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Thread: Molding a styrene scratch built body?

  1. #1

    Default Molding a styrene scratch built body?

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    Hey everyone -

    I'm working on my first 100% scratch built body, it's been a huge amount of fun as well as being a simultaneously mind warping challenge.

    I've just completed the overall geometric shape using orthographic schematics of the body and I'm about to begin to laminate some of the exterior to thicken specific panels for shaping and then I'll start moving into finer body details ie. windows, panel lines, hinges, lights, etc..

    The chassis and motor/ESC combo is a powerful SC 1:10/1:8 platform and I do not want to utterly destroy my body when I go out the first day(I hear your words echoing in my mind, imthatguy), so I'm starting to consider my options for reproducing my work via molding.

    Does anyone have experience with molding a fully scratch built body? The body is being built with .040 styrene and would require some sort of high resolution (low viscosity) exterior molding technique due to the detail density I'm hoping to achieve.

    The body shape is unusual, as it's a military vehicle that's mostly comprised of various odd +/- 45į angles (v-hull), so I'm sure there will need to be a significant amount of preparatory work to support the body during the mold process.

    I appreciate any suggestions or comments! I'll be formulating a build thread with some process pics later but I'll post something if someone needs to see what I'm working with.

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  2. #2
    Join Date
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    Pardonmyn00b has some pretty relevant experience with a type of rotocasting. Hopefully he sees this thread!
    SBG OWNER YOUTUBE AXIAL AMBASSADOR GCM TEAM DRIVER VANQUISH KNIGHT CUSTOMS TEAM

  3. #3
    Join Date
    May 2018
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    ironically was just reading metalmasher's thread about casting pardonmynoob's rc4wd blazer body.

    neat stuff. i was considering making molds of my 3D printed 79 ford but... no time to lose!!!

  4. #4
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    Default Molding a styrene scratch built body?

    Iíve had moderate success slush casting bodies in a two part fiberglass resin mother mold over silicone. Read up on how people cast cosplay prop helmets. Itís the same process.
    Last edited by pardonmyn00b; 06-20-2019 at 04:25 PM.
    SBG Junior Vice President RC4WDCASTLEGCM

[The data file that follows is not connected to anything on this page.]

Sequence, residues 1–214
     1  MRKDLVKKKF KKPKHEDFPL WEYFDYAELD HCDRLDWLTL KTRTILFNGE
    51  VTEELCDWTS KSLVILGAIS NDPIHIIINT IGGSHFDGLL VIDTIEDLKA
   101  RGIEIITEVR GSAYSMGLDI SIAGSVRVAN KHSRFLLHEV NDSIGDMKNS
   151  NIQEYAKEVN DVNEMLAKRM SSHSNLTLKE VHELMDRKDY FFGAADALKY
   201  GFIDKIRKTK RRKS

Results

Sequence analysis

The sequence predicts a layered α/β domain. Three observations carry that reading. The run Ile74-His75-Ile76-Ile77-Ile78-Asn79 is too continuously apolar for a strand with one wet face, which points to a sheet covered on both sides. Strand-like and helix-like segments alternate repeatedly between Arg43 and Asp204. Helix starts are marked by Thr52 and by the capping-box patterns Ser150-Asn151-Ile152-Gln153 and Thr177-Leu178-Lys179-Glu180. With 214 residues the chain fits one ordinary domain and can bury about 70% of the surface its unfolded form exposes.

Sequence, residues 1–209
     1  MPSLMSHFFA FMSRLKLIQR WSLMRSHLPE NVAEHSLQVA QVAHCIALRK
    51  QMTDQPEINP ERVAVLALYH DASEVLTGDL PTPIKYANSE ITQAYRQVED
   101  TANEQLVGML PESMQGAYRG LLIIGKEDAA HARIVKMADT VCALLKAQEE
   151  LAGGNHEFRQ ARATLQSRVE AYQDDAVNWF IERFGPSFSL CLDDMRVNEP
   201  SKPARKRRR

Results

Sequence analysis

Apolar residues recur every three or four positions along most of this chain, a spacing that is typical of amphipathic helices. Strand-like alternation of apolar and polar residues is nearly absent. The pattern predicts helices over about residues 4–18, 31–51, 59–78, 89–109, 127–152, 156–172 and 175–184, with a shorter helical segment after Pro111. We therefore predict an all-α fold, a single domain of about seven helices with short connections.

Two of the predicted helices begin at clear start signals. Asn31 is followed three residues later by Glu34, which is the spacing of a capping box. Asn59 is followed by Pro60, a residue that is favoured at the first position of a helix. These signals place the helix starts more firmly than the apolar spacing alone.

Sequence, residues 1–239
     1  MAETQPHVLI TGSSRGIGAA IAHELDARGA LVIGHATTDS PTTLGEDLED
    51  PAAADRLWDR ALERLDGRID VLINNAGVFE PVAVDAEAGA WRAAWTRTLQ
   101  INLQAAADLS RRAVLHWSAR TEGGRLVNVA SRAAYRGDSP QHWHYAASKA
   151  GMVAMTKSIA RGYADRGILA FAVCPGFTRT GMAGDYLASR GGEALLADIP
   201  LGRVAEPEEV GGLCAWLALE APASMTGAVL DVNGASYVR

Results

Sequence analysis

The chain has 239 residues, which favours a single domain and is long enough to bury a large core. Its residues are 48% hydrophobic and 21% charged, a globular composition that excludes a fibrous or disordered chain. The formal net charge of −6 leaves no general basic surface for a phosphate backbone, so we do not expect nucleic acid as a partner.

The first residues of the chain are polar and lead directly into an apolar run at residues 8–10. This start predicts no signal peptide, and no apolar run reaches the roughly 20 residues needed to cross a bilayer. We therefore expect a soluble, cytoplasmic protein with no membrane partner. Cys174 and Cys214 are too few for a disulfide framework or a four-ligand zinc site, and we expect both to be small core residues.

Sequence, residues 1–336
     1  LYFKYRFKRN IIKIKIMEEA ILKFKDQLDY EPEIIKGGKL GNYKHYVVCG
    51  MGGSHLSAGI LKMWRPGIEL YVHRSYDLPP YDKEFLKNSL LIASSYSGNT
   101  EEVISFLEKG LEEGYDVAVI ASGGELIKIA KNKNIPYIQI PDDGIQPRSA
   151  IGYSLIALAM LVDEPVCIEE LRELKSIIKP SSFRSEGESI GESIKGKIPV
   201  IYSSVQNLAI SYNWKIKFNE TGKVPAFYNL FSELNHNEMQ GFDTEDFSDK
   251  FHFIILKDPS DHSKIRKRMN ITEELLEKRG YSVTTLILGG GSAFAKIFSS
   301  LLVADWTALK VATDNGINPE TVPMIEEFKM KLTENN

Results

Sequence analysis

5. #5

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    Quote Originally Posted by imthatguy View Post
    Pardonmyn00b has some pretty relevant experience with a type of rotocasting. Hopefully he sees this thread!
    Thanks for the signal boost, looks like it worked. Summoned as if by some dark ritual...

    Quote Originally Posted by pardonmyn00b View Post
    Iíve had moderate success slush casting bodies in a two part fiberglass resin mother mold over silicone. Read up on how people cast cosplay prop helmets. Itís the same process.
    Thanks for chiming in! When you said "moderate success", I interpreted that as "maybe not worth the hassle", would you say that is accurate? I was thinking about doing a brush-on silicone mold with plaster bandage/fiberglass "mother" mold like you mentioned for the exterior but the interior is the thing I don't know exactly what to do with.

    The size of this body is quite large (19" length) so the material required to do a complete fill/block mold would be insanely expensive and the shape of the body makes doing a 2 piece top/bottom mother mold probably extremely difficult/impossible for the interior. The side panels slope inward toward the driveline at about 35į so removing the mother mold would be problematic, not to mention the cast body from the silicone. You might be having trouble visualizing this, here is a pic of the vehicle in question in case you're interested!

    A more practical (albeit less precise) solution might be to do a open rotocast, as demonstrated here. Is this the method you've used? The way I should probably do it is a 2 piece OPEN bottom mold, but with a hemispherical bifurcation, instead of equatorial (top and bottom, I might be making up words). Would you agree?

    Additionally, do you have any suggestions for the actual casting material specs? Any specific urethane recommendations? I've seen a demo of Smooth-On's Task 4, it looks very robust but first hand experience would be great to hear.

    I'll spend some time thinking about it, there is always a solution. I've got a lot to do before I'm ready to attempt anything, regardless. Thanks for the feedback, if you or anyone else have any other insight, I'd appreciate it!

  6. #6
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    Yeah I did an open bottom slush cast. Which you roll it around trying not to spill. I used Smooth On Smooth Cast 300 Q for the fast cure time. Moderate success because no matter how to slice it there is a ton of work involved.
    SBG Junior Vice President RC4WDCASTLEGCM

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